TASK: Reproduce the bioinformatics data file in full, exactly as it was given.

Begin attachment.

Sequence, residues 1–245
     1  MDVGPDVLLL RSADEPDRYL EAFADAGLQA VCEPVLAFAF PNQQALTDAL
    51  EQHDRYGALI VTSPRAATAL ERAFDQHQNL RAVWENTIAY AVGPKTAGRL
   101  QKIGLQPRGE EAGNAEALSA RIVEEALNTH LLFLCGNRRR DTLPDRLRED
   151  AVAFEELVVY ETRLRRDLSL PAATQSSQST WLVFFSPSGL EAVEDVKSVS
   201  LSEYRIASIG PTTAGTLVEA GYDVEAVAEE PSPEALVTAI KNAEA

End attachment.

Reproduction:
Sequence, residues 1–245
     1  MDVGPDVLLL RSADEPDRYL EAFADAGLQA VCEPVLAFAF PNQQALTDAL
    51  EQHDRYGALI VTSPRAATAL ERAFDQHQNL RAVWENTIAY AVGPKTAGRL
   101  QKIGLQPRGE EAGNAEALSA RIVEEALNTH LLFLCGNRRR DTLPDRLRED
   151  AVAFEELVVY ETRLRRDLSL PAATQSSQST WLVFFSPSGL EAVEDVKSVS
   201  LSEYRIASIG PTTAGTLVEA GYDVEAVAEE PSPEALVTAI KNAEA